These are the common symptoms of a condition called silent reflux.

Silent reflux is like acid reflux, but in this case, stomach acids can flow all the way back up to the throat, causing symptoms there. Most silent reflux sufferers don’t experience heartburn, the typical symptom of acid reflux.

Another possible cause of an itchy, swollen, or scratchy throat after energy drinks is a food allergy. If you are allergic to a component of the drink (e.g. caffeine), you might experience typical allergic reactions like itchy skin, hives, swelling around the mouth, lips, tongue.

If you think you have a food allergy, it is important to get yourself tested, as food allergies might have very severe symptoms.

How to stop chest pain from energy drinks?

Preventing chest pain by simply steering clear of energy drinks is a lot easier than relieving the pain.

However, if you already had too many energy drinks and now you are having symptoms, you might want to try these tips:

  • Drink water: both caffeine and alcohol have a diuretic effect. Some extra water can protect you from dehydration. However, if you have heartburn, only drink a few small sips, otherwise, you’ll make symptoms worse.
  • Light physical exercises: a short walk or some easy yoga poses might help, however, be easy on this one, too much physical activity after energy drinks won’t make your heart happy!
  • Breathing exercises: watch your breathing, if it is fast or shallow, slow down, take a few deep breaths.
  • Replenish electrolytes: some people experience diarrhea after energy drinks. In such cases, you not only need to drink some extra water but also replace the lost electrolytes.

While the above tips might help to relieve the pain, there is no magic trick to make the pain go away. If too much caffeine is causing the symptoms, you might simply need to wait it out.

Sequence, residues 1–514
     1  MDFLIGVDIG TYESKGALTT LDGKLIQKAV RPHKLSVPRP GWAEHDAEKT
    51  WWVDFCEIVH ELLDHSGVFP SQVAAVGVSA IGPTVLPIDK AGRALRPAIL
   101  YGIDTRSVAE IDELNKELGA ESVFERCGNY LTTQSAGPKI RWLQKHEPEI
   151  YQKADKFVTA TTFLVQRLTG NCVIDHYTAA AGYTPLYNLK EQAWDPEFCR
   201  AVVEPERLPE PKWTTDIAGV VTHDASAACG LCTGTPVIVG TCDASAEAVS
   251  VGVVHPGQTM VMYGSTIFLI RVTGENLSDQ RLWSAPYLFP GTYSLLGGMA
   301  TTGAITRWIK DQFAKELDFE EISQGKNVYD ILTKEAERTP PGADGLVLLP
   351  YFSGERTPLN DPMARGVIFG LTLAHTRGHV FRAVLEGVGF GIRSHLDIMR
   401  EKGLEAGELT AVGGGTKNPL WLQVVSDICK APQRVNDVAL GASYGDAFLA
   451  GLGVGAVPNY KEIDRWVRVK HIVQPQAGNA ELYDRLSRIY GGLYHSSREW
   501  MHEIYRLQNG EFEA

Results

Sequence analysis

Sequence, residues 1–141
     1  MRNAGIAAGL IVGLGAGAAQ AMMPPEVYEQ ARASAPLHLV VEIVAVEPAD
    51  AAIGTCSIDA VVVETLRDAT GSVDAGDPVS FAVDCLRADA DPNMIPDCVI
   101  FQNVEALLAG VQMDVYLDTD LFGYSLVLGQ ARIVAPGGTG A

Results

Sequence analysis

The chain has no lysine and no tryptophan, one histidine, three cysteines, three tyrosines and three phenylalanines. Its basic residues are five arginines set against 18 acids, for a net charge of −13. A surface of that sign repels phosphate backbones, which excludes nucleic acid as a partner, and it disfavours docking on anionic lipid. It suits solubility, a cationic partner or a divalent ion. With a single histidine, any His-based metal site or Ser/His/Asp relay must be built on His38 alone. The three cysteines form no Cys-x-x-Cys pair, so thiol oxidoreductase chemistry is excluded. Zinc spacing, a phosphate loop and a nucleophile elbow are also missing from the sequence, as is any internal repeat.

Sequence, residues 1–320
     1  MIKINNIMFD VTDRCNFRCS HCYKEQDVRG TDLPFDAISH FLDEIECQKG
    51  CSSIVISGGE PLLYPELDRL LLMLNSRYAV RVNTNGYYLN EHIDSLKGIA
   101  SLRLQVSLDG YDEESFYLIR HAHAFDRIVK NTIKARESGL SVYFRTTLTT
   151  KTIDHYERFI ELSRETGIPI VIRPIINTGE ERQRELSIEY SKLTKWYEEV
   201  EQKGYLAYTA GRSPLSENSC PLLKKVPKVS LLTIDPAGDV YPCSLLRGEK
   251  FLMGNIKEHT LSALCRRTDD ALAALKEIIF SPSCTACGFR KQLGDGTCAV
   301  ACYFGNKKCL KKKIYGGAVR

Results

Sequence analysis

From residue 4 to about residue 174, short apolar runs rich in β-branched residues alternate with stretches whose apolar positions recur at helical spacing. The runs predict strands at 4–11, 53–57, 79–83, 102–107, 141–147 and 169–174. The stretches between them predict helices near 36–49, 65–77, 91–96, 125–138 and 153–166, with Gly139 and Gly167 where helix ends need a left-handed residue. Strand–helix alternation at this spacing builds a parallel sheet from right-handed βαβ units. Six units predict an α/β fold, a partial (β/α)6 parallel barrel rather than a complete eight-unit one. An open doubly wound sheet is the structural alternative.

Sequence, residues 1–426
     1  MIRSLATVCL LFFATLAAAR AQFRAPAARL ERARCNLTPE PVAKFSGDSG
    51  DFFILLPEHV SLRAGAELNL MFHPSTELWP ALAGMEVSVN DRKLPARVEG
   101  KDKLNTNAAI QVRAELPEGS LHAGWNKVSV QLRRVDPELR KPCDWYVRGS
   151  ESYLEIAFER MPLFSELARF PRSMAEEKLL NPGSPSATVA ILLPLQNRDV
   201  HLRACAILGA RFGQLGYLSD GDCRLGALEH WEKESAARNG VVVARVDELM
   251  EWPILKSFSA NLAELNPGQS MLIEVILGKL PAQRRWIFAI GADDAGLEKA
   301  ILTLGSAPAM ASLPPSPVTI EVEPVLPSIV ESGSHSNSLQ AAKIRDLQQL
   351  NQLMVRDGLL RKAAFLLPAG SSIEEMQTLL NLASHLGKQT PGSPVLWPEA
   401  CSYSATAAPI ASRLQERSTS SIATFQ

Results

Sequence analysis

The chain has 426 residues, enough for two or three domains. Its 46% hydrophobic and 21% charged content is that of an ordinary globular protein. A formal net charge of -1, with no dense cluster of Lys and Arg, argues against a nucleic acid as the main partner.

Final thoughts

Energy drinks might be good when there is a need to boost energy. However, they should be consumed with precautionary care and moderation.

Excessive consumption has been negatively associated with heart problems, chest pains, and stomach pains.

People who are sensitive to caffeine should avoid consuming energy drinks since they contain a high amount of caffeine.

Frequently asked questions

Can energy drinks cause IBS?

Yes, according to Michigan Medicine, energy drinks can trigger both IBS and IBD.

The high sugar and caffeine content of these drinks can easily cause gastric problems for some people.

Can energy drinks cause gallbladder problems?

Gallbladder issues are usually triggered by fatty food.

Some studies have examined the effect of caffeine on the gallbladder, and they mostly conclude that caffeine might protect against the formation of gallstones.

Looks like caffeine triggers the contraction of the gallbladder, which might protect against the formation of gallstones, however, it might trigger symptoms for those who already have gallstones.

Can energy drinks cause diarrhea?

Yes, according to BUPA, energy drinks might cause not only diarrhea but also nausea and vomiting.